- 325g water at 28C (plus a reserved 25g of water if needed, see method)
- 4g salt
- 10ml mix of water with 5g of olive oil
- FOR THE TOPPINGS
- 2 tablespoons of red or dark miso
- 2 tablespoons runny honey or maple syrup if you prefer
- 2 tablespoons olive oil
- 3 sprigs rosemary leaves – stripped
- 1 punnet wild mushrooms - about 250g - sliced
- 200g feta cut into cubes
- SERVING SUGGESTION (optional)
- 1 red onion
- 1 cup of live red wine vinegar or apple cider vinegar
- 1 heaped tablespoon of soft brown sugar
- Salt to taste
Heated to 200 C / 392 F then turned down to 180 C / 356 F to bake
- 2x round tins – ours were 22cm across and 4cm deep
- Greaseproof paper
- Large mixing bowl
- Clean damp tea towel
- Medium mixing bowl
- Wire rack
|Refresh your sourdough starter||Day 1 8am|
|Mix dough ingredients||Day 1 9pm|
|Leave to rest||Day 1 9.15pm|
|Prepare tins||Day 1 9.15pm|
|Add extra water if needed||Day 1 9.20pm|
|Divide dough into two||Day 1 9.30pm|
|Dimple the dough in tins||Day 1 9.35pm|
|Cover & leave overnight||Day 1 9.40pm|
|Preheat the oven to 200 C / 392 F||Day 2 8am|
|Make the topping||Day 2 8.30am|
|Add the toppings||Day 2 8.35am|
|Leave to sit for 20 mins||Day 2 8.40am|
|Bake for about 20 - 25 mins||Day 2 9am|
|Remove from oven cool on wire rack||Day 2 9.25am|
The timings of this method are based on a normal working day. Although it might look challenging at first, it is actually easier than you think and involves about 15 -30 minutes work over two days.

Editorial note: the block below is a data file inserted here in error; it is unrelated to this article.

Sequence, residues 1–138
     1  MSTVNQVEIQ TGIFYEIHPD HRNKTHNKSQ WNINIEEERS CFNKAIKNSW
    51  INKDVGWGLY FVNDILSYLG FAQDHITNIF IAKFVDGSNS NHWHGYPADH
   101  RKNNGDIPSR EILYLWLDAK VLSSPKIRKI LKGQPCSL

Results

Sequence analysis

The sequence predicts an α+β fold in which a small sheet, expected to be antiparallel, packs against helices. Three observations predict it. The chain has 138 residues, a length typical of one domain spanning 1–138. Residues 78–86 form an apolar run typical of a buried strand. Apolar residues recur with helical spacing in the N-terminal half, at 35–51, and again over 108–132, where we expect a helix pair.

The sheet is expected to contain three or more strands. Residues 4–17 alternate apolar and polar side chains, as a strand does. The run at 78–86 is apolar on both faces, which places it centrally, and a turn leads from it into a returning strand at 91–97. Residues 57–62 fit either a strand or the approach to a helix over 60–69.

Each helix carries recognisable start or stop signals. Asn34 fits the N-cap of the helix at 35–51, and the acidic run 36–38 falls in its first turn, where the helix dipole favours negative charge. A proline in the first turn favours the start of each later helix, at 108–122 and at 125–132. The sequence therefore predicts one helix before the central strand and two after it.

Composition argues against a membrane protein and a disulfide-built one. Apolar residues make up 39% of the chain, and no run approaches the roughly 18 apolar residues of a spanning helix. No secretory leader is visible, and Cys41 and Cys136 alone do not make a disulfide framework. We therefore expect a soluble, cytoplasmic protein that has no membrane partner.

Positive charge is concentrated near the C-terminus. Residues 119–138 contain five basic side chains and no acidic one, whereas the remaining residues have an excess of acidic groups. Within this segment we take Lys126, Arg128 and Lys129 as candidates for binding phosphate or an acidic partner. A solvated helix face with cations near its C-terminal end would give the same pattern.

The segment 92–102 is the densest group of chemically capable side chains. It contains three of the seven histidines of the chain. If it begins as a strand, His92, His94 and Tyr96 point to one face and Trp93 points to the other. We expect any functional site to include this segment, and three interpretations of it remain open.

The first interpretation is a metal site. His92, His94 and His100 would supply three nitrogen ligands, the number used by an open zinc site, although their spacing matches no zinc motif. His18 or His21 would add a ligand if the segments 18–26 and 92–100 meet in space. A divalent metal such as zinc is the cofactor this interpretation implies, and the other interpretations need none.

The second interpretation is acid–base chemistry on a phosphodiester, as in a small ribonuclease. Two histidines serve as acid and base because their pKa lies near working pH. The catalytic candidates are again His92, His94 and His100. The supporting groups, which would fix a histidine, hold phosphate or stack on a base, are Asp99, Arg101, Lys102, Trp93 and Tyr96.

If you are making sourdough for the first time and you do not have a starter you can buy one. Or you can start your own sourdough starter, or maybe even ask a sourdough baker to give you some of theirs. We are usually pretty good at sharing and we usually like to give you a few tips with our starters.
Please note: all flours behave differently. If you use different flour brands than the ones in this recipe then the crumb structure may differ slightly. If the rye is more fibrous, or the white bread flour contains more than 12% protein the crumb will be tighter than ours. If this is the case then you might need to add more water in addition to the total water in the recipe, to accommodate the differences. Try with 10-20 g more water next time you bake as this will make the crumb structure more open. If your dough at any point feels too wet just leave it to sit for half an hour, go and make a cup of tea and allow the water to fully absorb.
- 8 am – refresh your sourdough starter – tip use cooler water when the ambient temperature is warm